Mere hours after bombing a bus station packed with morning commuters in Nigeria’s capital, the Islamist militant group Boko Haram stormed a girls’ school in the northeast and kidnapped 129 students. The schoolgirls are between the ages of 15 and 18.
The bombing happened on rush-hour Monday morning, with the bomb blast killing 71 and wounding 124 others. It was the group’s first major attack in the capital in two years.
In previous months, most of the insurgents’ attacks had been concentrated in the poor northeast, including the bombing of schools, churches and mosques, and burning villages to the ground.
This recent attack on the capital of Africa’s most populous and economically progressive country exposes the serious threat that the 5-year-old Boko Haram insurgency has become in recent years.
“We are in your city,” Boko Haram leader Abubakar Shekau said, addressing Nigeria’s President Goodluck Jonathan, in the 28-minute video where he claimed responsibility for the recent bombing and indicated that Boko Haram had fighters based in the capital.
Boko Haram, which roughly translates to “Western education is a sin”, was officially founded in 2002, but was initially a peaceful organization. It aimed to establish a Shariah government, and attracted followers by speaking out against police, political corruption and the current “colonional government”.
By 2009 however, there were reports that the Boko Haram’s members were arming themselves. Following the group’s refusal to observe a law making motorcycle helmets mandatory, police came into action and several members of the group were arrested. This sparked widespread riots and a resulted in a bloodbath with a death toll of more than 800 dead in a single week. The group’s founder and then leader Mohammed Yusuf was killed during this time while in police custody.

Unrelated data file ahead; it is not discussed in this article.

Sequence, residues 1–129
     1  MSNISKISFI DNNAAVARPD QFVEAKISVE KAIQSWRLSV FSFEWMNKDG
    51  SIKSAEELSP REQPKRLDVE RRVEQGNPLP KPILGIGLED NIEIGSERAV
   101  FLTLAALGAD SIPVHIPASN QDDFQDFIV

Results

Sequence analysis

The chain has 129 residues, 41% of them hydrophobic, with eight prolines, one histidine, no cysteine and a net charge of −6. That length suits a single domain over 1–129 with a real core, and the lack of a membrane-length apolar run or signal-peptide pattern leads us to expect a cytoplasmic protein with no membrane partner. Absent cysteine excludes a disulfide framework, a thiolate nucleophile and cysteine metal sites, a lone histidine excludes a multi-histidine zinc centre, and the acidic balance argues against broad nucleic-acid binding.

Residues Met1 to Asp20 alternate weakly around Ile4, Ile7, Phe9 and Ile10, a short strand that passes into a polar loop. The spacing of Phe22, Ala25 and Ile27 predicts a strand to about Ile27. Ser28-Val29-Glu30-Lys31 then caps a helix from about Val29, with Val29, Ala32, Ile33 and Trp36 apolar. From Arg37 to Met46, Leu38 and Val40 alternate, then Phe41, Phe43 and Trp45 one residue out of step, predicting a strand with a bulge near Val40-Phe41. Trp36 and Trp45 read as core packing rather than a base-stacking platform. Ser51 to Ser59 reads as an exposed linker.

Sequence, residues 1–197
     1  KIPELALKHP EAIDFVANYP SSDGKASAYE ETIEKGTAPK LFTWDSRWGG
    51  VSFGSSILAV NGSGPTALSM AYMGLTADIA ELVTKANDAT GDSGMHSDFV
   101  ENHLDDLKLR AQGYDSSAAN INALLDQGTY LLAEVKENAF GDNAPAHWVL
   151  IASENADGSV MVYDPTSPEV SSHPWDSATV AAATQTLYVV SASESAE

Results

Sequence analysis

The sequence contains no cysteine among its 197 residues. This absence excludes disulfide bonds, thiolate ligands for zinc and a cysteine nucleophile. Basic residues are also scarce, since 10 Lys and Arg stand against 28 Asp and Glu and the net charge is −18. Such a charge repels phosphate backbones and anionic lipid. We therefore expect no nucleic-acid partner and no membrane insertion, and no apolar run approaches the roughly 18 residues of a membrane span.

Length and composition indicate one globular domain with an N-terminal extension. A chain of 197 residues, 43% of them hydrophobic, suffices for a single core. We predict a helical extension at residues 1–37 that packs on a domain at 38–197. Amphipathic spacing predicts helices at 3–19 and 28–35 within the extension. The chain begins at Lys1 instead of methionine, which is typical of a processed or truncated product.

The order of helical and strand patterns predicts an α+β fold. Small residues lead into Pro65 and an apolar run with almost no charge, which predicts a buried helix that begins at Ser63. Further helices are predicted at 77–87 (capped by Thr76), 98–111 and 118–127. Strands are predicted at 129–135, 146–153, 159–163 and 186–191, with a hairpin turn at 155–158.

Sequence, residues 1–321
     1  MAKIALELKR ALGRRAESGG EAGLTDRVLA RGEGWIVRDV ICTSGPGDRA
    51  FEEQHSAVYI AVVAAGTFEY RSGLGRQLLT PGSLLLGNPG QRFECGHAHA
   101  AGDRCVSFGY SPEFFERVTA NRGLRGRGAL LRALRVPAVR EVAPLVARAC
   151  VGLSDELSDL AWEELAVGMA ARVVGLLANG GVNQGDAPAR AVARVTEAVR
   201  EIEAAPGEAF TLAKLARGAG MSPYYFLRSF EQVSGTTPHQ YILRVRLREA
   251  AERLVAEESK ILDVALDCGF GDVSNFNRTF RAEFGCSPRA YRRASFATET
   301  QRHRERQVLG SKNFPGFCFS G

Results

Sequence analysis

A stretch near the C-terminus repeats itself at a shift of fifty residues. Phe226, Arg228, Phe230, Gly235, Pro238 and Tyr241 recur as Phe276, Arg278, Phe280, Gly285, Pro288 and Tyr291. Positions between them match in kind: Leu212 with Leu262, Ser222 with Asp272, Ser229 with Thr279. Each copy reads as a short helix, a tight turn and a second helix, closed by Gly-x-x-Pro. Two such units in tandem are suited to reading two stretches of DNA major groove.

Boko Haram carried out its first attack in January 2011, and since then has went on a killing spree, targeting government officials, Christian and Muslim leaders, and has perpetrated countless indiscriminate mass murders.
Following a suicide car bombing at Abuja’s United Nations building in that killed 21 people in 2011, the US State Department has since classified Boko Haram as a terrorist organization, citing its alleged links to Al Qaeda.
Nigeria’s military said on Wednesday its forces had freed most of the 129 teenage schoolgirls abducted by Boko Haram. “The principal of the school has confirmed that only eight of the students are still missing.” says spokesman Maj. Gen. Chris Olukolade.
The search and rescue for eight missing students are still ongoing.